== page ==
You may be surprised to learn that pineapples don't grow on trees. We'll explain why it can't happen, where pineapples grow and how sustainable they are to produce.
Do pineapples grow on trees? It’s a common misconception that they do, but they don’t. Pineapples don’t grow underground like some vegetables either. In fact, pineapples grow from a leafy, slightly spiky plant. They thrive in tropical conditions, with the optimum temperature being around 77 degrees Fahrenheit — areas that are consistently warm and don’t experience freezing temperatures, like Florida, are the best location in the US.
So how do pineapples grow? We’ll discuss how they are cultivated and the environmental impacts of this process.
Where Do Pineapples Grow?
Most fruits, except berries, grow on trees, so it’s unsurprising that many assume pineapples also follow suit. This is simply not true, pineapples grow in the ground from a leafy plant. The pineapple grows from the central stem of the plant which grows a purple flower first and is surrounded by long, thick, spiky leaves which can grow up to 5 feet long. It takes two to three years for the plant to mature and for the flower to appear. After a few months of the flower stalk growing taller, the flower petals will drop off, revealing a green pineapple.
The pineapple is ready to be harvested when it is a yellow, or orange color. Each plant only grows one pineapple, which is then cut at the base to be removed from the plant. It’s relatively simple to grow a new pineapple plant, simply save the stalk of the plant, which contains some roots, and replant it in the ground or in a small pot of water. If the pineapple plant is left in the ground after harvesting the fruit, a new pineapple will grow from it the following year.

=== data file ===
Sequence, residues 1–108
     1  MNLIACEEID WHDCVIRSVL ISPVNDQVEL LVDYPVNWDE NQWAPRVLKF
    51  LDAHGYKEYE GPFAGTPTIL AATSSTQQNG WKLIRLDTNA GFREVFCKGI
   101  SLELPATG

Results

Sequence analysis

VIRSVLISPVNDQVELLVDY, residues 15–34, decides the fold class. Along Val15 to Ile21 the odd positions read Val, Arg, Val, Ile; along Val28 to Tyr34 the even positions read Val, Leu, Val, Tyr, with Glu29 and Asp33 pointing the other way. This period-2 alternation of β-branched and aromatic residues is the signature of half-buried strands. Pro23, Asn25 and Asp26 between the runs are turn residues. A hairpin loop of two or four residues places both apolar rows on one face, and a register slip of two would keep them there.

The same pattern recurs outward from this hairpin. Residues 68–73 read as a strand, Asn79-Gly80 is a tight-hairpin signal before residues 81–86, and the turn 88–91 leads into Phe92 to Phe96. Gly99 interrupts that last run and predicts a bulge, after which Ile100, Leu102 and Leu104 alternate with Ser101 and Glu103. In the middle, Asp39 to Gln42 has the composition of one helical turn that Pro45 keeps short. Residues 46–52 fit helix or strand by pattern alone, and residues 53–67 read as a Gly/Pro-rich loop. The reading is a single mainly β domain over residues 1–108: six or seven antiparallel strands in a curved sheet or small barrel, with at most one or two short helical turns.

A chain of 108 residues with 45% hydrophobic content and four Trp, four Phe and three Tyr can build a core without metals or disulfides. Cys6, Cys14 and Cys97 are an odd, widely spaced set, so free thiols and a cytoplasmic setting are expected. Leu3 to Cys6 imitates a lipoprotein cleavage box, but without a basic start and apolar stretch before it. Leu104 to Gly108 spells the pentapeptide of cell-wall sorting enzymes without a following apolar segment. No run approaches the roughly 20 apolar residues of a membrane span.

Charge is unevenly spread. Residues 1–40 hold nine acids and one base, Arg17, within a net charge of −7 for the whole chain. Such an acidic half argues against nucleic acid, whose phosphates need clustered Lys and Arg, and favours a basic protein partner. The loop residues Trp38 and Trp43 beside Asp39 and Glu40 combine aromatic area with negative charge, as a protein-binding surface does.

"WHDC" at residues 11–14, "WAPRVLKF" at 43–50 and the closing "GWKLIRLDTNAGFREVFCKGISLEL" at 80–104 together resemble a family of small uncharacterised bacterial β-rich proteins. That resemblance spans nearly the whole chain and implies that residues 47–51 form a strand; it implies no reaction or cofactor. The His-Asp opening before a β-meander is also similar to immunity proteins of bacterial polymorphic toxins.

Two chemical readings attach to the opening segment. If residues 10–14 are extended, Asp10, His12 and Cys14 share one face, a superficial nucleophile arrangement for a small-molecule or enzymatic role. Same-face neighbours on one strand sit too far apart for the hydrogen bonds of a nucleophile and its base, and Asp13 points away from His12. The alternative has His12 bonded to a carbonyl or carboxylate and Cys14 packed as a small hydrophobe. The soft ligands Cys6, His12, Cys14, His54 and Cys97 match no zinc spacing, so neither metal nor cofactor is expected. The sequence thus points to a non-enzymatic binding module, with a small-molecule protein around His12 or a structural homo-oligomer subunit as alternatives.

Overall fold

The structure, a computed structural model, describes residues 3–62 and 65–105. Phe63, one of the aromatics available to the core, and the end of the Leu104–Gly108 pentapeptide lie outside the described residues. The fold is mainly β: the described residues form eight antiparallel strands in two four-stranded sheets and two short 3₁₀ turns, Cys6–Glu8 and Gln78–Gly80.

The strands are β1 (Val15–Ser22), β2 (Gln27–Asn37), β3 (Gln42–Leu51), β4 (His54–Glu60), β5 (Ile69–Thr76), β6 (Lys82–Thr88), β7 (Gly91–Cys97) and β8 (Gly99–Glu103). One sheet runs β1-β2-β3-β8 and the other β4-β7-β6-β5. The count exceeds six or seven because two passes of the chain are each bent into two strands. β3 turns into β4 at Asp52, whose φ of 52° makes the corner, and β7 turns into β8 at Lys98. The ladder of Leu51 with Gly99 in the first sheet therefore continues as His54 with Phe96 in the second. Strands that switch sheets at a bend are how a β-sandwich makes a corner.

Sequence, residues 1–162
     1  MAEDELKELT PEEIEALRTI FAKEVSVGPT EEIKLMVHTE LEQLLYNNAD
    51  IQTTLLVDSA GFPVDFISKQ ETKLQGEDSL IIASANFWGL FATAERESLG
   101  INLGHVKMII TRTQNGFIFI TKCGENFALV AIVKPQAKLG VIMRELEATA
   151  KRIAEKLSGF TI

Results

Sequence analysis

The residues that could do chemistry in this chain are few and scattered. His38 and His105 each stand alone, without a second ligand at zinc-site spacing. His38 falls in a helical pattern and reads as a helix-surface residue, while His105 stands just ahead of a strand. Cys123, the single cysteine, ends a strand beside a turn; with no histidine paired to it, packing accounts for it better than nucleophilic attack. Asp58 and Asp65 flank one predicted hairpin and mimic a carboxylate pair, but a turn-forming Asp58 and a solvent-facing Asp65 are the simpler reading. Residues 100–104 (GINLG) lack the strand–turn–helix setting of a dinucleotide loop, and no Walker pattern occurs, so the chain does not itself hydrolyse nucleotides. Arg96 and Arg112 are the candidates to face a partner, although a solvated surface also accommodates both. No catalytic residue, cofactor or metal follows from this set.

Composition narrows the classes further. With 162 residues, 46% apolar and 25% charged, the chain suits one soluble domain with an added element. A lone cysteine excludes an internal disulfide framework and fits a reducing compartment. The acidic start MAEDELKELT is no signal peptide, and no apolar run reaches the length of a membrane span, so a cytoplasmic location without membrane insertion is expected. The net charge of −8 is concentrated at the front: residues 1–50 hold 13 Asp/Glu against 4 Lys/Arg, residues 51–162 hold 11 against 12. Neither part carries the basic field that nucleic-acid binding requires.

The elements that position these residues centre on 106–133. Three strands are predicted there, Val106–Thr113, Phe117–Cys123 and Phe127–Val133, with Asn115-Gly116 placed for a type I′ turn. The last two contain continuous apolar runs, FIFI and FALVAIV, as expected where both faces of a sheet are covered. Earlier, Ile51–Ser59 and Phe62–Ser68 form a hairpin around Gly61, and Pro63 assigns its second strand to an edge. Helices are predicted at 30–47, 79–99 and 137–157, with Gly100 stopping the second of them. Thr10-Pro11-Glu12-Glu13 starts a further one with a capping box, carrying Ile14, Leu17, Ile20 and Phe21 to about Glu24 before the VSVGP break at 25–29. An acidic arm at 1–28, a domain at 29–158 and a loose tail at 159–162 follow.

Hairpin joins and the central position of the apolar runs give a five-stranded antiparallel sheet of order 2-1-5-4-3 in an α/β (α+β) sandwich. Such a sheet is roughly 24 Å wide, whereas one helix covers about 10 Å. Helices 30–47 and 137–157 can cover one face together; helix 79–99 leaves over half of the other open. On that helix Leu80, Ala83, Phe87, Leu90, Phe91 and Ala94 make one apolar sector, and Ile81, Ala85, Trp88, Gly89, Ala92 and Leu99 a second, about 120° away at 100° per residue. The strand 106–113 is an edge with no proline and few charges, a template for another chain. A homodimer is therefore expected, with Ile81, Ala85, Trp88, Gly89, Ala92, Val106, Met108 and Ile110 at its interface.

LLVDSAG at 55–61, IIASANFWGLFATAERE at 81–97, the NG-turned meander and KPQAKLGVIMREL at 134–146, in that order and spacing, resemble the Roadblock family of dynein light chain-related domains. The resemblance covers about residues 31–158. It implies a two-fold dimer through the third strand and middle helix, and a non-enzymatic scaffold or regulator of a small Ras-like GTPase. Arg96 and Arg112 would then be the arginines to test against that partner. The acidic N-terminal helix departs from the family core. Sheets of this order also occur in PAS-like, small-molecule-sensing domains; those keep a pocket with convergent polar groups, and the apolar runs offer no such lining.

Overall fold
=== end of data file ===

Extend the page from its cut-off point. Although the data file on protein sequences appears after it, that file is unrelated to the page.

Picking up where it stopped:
Pineapple Farming Impacts
The biggest benefit of pineapple plants is that they don’t require much water and can survive in relatively dry soil. However, pineapple farming is an intensive practice that uses high levels of herbicides and pesticides that are harmful to the environment. Growing pineapples often involves clearing land and planting vast swathes of the same plant, creating a monoculture, which is harmful to the biodiversity of the area.
In addition to their negative environmental impacts, pineapple farming is not always ethical due to the often precarious working conditions and unfair wages. That’s why it is vital for consumers to choose Fairtrade and organic pineapple whenever possible or choose to substitute other fruits.
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